The ambition of my team is to gain detailed insight in the neural circuitry that mediates the formation and retrieval of stable, long-lasting associative memories
During learning, cellular and molecular changes take place that need to be stabilized in order for memory to be formed, stored and accurately retrieved. Collectively, the stable changes that support memory are called an engram. Although the neurobiological mechanisms that support the initial encoding and retrieval of learned associations received much attention, the processes that underlie the stabilization of new memories (days old) into persistent remote memories (several weeks old) are poorly understood. Research by my team and others points to an important role of the cortex in expression of remote memories. However, little is known about the time-dependent functional contribution of the different neuronal sub-types in the cortex and their molecular adaptations. Our ambition is to functionally dissect the temporal, cellular and molecular organization of long-lasting associative memory in cortical circuitry. We specifically focus on memory encoding and retrieval at the level of neuronal ensembles/engram cells.
To study this, we make use of mouse models of drug addiction (e.g. self-administration, conditioned place preference) and conditioned-fear. These models have in common that they produce stable memories that can persist for the life-time of the animal.
To functionally dissect neuronal circuitries involved in persistent memory formation and retrieval, we make use of transgenic mouse lines and viral vector approaches. In particular, optogenetics and DREADD technology is used to selectively intervene with the activity of genetically-defined neuronal subpopulations in specific brain regions of awake behaving animals. We also use these tools to connect molecular and cellular plasticity to behaviour.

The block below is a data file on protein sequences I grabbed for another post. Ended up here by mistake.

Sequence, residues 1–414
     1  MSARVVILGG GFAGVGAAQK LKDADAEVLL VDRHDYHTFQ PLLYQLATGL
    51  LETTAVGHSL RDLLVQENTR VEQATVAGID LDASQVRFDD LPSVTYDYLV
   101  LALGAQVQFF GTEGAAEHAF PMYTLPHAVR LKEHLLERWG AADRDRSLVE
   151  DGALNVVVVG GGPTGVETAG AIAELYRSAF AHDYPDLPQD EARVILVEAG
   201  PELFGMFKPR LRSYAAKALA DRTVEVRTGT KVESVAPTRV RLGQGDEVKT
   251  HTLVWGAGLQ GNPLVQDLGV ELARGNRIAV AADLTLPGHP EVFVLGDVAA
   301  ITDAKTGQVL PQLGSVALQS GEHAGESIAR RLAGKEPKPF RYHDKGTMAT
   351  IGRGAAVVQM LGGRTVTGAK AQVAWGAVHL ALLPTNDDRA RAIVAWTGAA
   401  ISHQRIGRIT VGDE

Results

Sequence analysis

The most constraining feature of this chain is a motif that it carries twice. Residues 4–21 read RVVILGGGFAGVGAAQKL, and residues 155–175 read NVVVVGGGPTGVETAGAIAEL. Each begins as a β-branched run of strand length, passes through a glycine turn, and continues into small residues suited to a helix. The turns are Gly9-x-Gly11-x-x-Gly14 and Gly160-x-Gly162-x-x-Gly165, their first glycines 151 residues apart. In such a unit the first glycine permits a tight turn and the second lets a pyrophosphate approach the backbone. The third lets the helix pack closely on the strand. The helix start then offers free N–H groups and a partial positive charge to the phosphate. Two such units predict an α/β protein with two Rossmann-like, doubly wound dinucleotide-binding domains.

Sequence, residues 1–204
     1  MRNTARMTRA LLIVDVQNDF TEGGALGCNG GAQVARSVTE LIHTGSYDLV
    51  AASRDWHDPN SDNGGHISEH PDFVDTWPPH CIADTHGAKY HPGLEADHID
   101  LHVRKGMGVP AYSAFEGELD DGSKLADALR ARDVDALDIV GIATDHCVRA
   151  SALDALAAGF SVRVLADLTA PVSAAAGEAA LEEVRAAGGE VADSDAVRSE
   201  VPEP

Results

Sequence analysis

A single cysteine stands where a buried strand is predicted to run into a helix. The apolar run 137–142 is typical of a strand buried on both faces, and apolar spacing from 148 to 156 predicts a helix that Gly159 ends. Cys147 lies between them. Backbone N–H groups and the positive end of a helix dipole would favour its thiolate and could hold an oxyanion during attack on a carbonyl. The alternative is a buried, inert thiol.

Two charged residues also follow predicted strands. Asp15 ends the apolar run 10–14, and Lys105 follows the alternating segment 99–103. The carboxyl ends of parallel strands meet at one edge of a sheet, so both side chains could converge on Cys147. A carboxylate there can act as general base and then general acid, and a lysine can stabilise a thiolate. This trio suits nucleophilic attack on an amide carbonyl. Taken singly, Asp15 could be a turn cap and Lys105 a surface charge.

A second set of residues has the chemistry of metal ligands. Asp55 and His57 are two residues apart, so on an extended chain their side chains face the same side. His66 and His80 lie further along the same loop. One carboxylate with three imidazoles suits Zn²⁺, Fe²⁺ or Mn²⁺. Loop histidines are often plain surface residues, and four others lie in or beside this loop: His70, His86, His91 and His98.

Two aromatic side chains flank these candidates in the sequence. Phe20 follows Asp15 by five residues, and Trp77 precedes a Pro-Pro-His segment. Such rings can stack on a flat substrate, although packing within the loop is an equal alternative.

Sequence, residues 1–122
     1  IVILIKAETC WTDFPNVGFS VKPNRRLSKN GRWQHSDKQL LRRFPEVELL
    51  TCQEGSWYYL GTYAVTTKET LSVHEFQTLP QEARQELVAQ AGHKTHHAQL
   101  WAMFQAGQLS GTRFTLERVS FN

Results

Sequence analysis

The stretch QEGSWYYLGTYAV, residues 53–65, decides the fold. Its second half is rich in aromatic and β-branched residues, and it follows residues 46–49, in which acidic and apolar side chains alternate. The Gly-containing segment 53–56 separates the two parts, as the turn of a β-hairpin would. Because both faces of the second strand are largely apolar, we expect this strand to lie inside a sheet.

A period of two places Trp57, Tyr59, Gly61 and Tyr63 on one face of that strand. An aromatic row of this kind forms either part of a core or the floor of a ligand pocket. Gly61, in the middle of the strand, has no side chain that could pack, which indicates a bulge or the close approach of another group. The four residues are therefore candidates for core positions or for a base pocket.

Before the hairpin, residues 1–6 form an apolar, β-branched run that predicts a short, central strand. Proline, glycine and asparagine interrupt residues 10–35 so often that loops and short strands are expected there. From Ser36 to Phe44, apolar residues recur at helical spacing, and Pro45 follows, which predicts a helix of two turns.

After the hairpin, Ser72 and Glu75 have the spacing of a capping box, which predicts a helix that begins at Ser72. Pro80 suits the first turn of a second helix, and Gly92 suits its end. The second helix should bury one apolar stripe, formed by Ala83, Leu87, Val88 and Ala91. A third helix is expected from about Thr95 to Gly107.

Within the CNCR, memories related to drugs of abuse are studied in collaboration with Taco de Vries. Adaptations at the level of the proteome and synapse physiology are examined in collaboration with Priyanka Rao-Ruiz and Huib Mansvelder, respectively
Selected key publications:
A persistent alcohol cue memory trace drives relapse to alcohol seeking after prolonged abstinence
Visser E, Matos MR, van der Loo RJ, Marchant NJ, De Vries TJ, Smit AB, van den Oever MC.
Science Advances (2020) 6:eaax7060
Memory strength gates the involvement of a CREB-dependent cortical fear engram in remote memory
Matos MR, Visser E, Kramvis I, van der Loo RJ, Gebuis T, Zalm R, Rao-Ruiz P, Mansvelder H, Smit AB, van den Oever MC.
Nature Communications (2019) 10:2315
Engram-specific transcriptome profiling of contextual memory consolidation
Rao-Ruiz P, Couey JJ, Marcelo IM, Bouwkamp CG, Slump DE, Matos MR, van der Loo RJ, Martin GJ, van den Hout M, van Ijcken WF, Costa RM, van den Oever MC, Kushner SA.
Nature Communications (2019) 10:2232
The extracellular matrix protein brevican limits time-dependent enhancement of cocaine conditioned place preference
Lubbers BR, Matos MR, Horn A, Visser E, Van der Loo RC, Gouwenberg Y, Meerhoff GF, Frischknecht R, Seidenbecher CI, Smit AB, Spijker S, van den Oever MC.
Neuropsychopharmacology (2016) doi: 10.1038/npp.2015.361
Manipulating a “cocaine engram” in mice
Hsiang HL, Epp JR, van den Oever MC, Yan C, Rashid AJ, Insel N, Ye L, Niibori Y, Deisseroth K, Frankland PW, Josselyn SA.
Journal of Neuroscience (2014) 34:14115-14127
Ventromedial prefrontal cortex pyramidal cells have a temporal dynamic role in recall and extinction of cocaine-associated memory
Van den Oever MC, Rotaru DC, Heinsbroek JA, Gouwenberg Y, Deisseroth K, Stuber GD, Mansvelder HD, Smit AB.
Journal of Neuroscience (2013) 33:18225-18233
Extracellular matrix plasticity and GABAergic inhibition of prefrontal cortex pyramidal cells facilitates relapse to heroin seeking
Van den Oever MC, Lubbers BR, Goriounova NA, Li KW, Van der Schors RC, Loos M, Riga D, Wiskerke J, Binnekade R, Stegeman M, Schoffelmeer AN, Mansvelder HD, Smit AB, De Vries TJ, Spijker S.
Neuropsychopharmacology (2010) Sep;35(10):2120-33.
Prefrontal cortex AMPA receptor plasticity is crucial for cue-induced relapse to heroin-seeking
Van den Oever MC, Goriounova NA, Li KW, Van der Schors RC, Binnekade R, Schoffelmeer AN, Mansvelder HD, Smit AB, De Vries TJ, Spijker S.
Nature Neuroscience (2008) Sep;11(9):1053-8.